Date of Award


Publication Type

Doctoral Thesis

Degree Name



Mechanical, Automotive, and Materials Engineering

First Advisor

Ting, David

Second Advisor

Carriveau, Rupp


CFD, Computational Fluid Dynamics, Experimental Fluid Dynamics, Fluid mechanics, Vortex Dynamics, Vortex Ring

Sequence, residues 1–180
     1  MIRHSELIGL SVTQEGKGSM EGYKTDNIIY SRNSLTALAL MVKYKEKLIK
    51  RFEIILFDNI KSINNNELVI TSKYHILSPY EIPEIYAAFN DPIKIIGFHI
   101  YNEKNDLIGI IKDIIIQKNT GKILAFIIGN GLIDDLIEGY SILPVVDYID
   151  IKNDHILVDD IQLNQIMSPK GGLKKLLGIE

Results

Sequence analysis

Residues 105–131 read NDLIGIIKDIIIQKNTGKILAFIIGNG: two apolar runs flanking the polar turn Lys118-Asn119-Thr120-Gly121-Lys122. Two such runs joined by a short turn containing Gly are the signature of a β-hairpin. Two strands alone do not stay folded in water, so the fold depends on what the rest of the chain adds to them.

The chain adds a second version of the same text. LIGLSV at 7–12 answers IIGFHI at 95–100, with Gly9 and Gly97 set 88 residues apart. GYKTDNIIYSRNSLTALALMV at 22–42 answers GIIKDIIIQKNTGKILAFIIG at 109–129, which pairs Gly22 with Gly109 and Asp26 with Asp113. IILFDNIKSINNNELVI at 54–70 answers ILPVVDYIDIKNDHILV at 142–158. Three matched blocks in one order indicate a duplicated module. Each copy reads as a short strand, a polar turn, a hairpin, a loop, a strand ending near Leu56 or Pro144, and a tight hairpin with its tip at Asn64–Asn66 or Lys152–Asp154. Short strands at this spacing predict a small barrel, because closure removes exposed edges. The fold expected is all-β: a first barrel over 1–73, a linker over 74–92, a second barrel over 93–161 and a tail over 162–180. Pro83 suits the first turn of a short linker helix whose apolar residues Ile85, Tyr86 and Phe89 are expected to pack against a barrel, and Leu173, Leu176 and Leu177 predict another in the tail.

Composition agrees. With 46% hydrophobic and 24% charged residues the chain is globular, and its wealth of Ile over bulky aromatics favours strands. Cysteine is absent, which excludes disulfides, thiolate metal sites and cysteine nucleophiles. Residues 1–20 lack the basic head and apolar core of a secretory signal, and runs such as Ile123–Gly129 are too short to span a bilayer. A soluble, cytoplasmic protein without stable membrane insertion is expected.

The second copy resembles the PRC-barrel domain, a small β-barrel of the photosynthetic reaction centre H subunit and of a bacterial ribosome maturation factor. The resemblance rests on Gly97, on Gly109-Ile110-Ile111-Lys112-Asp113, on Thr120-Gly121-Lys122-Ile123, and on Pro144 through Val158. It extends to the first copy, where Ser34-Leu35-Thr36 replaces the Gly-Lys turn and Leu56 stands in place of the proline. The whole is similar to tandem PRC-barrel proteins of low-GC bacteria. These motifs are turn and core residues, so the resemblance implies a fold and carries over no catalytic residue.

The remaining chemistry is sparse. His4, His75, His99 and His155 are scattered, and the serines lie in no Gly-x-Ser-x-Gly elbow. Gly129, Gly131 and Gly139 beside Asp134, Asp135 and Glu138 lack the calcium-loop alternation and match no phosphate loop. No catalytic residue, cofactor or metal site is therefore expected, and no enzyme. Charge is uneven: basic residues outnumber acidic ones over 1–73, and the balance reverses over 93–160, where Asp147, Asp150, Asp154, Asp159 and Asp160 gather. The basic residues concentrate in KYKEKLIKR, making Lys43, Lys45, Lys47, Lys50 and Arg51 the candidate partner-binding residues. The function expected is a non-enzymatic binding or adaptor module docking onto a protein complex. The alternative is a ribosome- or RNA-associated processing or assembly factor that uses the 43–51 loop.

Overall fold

The present document is a manuscript-based dissertation covering Ahmadreza Vasel-Be-Hagh's PhD research from September, 2011 to May, 2015. The research was particularly focused on studying hydrodynamics of underwater accumulators of compressed air for an underwater compressed air energy storage (UWCAES) plant. The accumulator units were floral configurations of droplet-shaped balloons installed close to the bed of deep water. The research was carried out in two major parts: water flow over the balloons and flow produced by the bursting of the balloons. In the first part, three-dimensional simulations were conducted to investigate water flow over accumulators. The simulation was carried out at a free stream Reynolds number of 230,000 using URANS k--omega and LES Dyna--SM turbulence models. The structure of the flow was investigated using iso-surfaces of the second invariant of the velocity gradient and three-dimensional path lines. Several shedding vortex tubes were identified downstream of the balloons. The dynamics of these vortex tubes was further illustrated through time series snapshots containing vorticity lines on two-dimensional planes perpendicular to the flow direction. The frequency of the shedding and the turbulent movements of the vortex tubes were studied through power spectrum analysis of the force coefficients. In the second part, the flow produced by the bursting of balloons was studied experimentally using photographs taken by three cameras with speed of 60 frames per second at a resolution of 1080P. It was observed that if a sufficiently large air-filled balloon quickly burst underwater, a vortex ring bubble was generated. The effect of dimensionless surface tension on general characteristics of the vortex ring bubble including rise velocity, rate of expansion, circulation and trajectory was investigated. It was observed that as the dimensionless surface tension increased, the rise velocity, the circulation and consequently the stability of the vortex ring bubble increased; however, the rate of expansion tends toward constant values. A semi-analytical model was also developed suggesting that the vortex ring expansion is essentially due to the buoyancy force. An expression was also obtained for the circulation in terms of the initial volume of the balloon and the depth at which balloon bursts. Extending from the mentioned semi-analytical model, a perturbation analysis was performed to find an expression for the radius of the buoyant vortex rings. The radius equation includes two terms; the zeroth-order solution representing the effect of buoyancy, and the first-order perturbation correction describing the influence of viscosity. The zeroth-order solution is an explicit function of time; the first-order perturbation modification, however, includes the drag coefficient which is unknown and of interest. Fitting the photographically measured radius into the modified equation yields the time history of the drag coefficient of the corresponding buoyant vortex ring.